Train the Cardio – part 1

Combat Sports clearly have a strong Cardio element.

However, do we really work the Cardio the right way to enhance performance and fight fatigue?

I still see people training slow pace long distance cardio like 40+ years ago. In many Thai camps, you still have fighters running 10K every day, doing more harm than good. Their running training simply does not match the acyclic pace of their fight!

The Energy system

Energy System is what defines our activity and our Training; every sport, action, and movement is based on energy systems and its energy production is crucial for performance; the fitter you are the more efficient in producing and using energy, but also at recovering. Energy is the currency with which our bodies can sustain activity.

There are three main in-built Energy Systems:

1) Alactic Anaerobic (or more precisely Phosphagen System)

2) Lactic Anaerobic (Glycolysis – Fast and Fast+oxidative)

3) Aerobic (Oxidative System)

Also there are 3 players in this game, we need to keep in mind.

  • ATP (adenosine triphosphate – providing energy to many biochemical processes through its own breakdown and whose production and synthesis changes according to the energy system.
  • Lactate (a byproduct of the glycolytic system, which has a bad rap, but in reality can be a great source of energy)
  • Oxygen (no need of presentations here, but essential in many energy processes as we will see)

Let’s now give a quick definition of the 3 systems and see how they can help us build a better performance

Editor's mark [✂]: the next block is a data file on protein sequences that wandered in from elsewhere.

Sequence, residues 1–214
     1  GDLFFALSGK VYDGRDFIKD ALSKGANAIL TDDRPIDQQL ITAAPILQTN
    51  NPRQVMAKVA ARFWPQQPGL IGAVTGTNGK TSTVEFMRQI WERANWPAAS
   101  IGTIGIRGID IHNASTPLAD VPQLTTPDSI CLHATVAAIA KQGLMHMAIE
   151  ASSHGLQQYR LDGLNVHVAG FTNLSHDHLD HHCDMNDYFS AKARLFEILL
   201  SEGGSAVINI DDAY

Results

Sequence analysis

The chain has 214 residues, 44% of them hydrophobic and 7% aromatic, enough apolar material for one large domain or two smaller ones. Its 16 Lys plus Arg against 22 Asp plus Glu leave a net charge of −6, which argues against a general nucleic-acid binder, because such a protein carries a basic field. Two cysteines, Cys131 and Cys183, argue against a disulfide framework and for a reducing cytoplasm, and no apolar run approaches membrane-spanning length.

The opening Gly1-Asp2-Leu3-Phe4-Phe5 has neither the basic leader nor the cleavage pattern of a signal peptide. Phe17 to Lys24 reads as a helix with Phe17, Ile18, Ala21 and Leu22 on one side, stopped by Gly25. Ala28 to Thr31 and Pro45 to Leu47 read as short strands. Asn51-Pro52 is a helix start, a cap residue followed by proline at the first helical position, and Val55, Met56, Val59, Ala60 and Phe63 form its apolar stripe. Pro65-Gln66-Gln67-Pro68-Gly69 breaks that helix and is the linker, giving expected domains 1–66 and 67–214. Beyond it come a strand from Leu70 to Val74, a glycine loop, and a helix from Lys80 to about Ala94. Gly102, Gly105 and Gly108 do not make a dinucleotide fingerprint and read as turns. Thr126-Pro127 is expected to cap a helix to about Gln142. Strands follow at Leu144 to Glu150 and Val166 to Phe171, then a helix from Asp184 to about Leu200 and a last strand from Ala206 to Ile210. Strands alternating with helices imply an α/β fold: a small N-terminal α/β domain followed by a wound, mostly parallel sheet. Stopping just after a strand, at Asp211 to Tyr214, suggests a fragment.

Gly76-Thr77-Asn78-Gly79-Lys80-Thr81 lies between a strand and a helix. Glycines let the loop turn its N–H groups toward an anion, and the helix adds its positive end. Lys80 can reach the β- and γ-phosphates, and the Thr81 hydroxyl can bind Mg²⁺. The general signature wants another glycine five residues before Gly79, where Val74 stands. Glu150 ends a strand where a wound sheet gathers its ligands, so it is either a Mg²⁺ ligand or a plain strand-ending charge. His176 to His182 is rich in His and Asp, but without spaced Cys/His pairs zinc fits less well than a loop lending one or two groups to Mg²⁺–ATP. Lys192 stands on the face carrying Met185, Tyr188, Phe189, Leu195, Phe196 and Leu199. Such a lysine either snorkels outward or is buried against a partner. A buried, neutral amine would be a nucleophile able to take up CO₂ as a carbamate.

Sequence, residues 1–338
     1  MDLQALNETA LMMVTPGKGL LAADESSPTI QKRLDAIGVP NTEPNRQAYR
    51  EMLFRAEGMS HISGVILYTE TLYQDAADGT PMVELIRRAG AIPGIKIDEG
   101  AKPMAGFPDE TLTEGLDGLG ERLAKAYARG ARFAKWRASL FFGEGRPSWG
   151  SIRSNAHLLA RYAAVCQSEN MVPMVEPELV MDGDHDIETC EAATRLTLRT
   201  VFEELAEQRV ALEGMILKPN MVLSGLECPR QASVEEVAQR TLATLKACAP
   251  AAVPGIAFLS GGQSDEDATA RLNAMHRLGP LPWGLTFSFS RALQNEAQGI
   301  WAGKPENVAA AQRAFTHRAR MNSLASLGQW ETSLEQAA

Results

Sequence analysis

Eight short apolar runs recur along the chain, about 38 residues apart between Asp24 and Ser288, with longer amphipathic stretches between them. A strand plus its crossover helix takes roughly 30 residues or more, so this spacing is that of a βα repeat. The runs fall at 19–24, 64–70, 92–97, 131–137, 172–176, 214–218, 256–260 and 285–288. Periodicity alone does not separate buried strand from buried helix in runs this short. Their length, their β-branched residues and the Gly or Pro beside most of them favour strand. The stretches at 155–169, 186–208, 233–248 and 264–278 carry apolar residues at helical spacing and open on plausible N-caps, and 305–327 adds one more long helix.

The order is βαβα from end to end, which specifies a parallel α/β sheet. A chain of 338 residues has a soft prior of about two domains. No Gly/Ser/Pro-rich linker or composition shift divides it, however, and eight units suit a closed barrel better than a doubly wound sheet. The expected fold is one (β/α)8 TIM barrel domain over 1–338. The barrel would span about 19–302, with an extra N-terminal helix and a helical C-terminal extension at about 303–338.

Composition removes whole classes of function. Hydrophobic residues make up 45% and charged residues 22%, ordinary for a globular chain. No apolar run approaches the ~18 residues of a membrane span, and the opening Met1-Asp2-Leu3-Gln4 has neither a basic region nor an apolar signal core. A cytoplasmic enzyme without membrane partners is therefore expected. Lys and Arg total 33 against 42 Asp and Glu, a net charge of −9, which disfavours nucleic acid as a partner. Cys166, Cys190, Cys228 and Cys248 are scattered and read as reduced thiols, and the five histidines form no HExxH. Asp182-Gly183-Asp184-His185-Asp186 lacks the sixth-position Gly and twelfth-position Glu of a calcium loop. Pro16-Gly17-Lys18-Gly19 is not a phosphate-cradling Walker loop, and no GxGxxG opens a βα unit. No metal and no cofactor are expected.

1) Phosphagen System: it is the primary energy system for short-term, high-intensity activities such as sprinting, throwing etc. it provides ATP for every movement, regardless of its intensity. Generally, it works great up to 10sec activity… starting its decline around the 30s mark.

Ever done a 10+ kicks blast on pads at the beginning of the round? The energy system used is the Phosphagen one.

2) Exceeding that time, the Glycolytic system comes in help, providing ATP through break down of Carbohydrates (from 30 to 120s) and it will begin with a “Fast” Glycolysis to then shift onto an Aerobic Glycolysis.

3) After the 120s mark, the Oxidative system comes in action, providing energy with a new path for ATP re-synthesis. This is where Oxygen plays a vital role.

It is important we know that also Fat and Protein oxidation can become systems for energy supply, but for time reasons we have to leave these details for future posts.

Systems working together

One of the most important things to remember is that no matter what activity you perform, these systems will always be engaged -in different moments of course – and participate together –  at different ratios – no matter what the activity is.

As Coach, you need to use this basic understanding of energy systems and apply it to the training programs, since fatigue is one of our main enemies and we must find a way to minimize it.

Exercise, nutrition, and conditioning can improve the efficiency of the energy systems as well as the speed of utilization of energy sources.

The beauty of training with method and knowledge is that you can use different ways to reach the same goal.

Interval Training